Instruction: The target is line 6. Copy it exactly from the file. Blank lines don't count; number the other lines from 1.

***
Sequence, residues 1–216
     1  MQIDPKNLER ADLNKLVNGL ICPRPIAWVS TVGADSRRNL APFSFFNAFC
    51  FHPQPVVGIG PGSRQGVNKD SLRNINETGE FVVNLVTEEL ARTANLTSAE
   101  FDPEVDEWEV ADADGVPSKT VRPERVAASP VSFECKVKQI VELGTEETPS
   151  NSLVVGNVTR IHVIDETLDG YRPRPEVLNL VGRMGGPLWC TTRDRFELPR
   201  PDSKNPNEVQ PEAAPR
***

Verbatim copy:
   201  PDSKNPNEVQ PEAAPR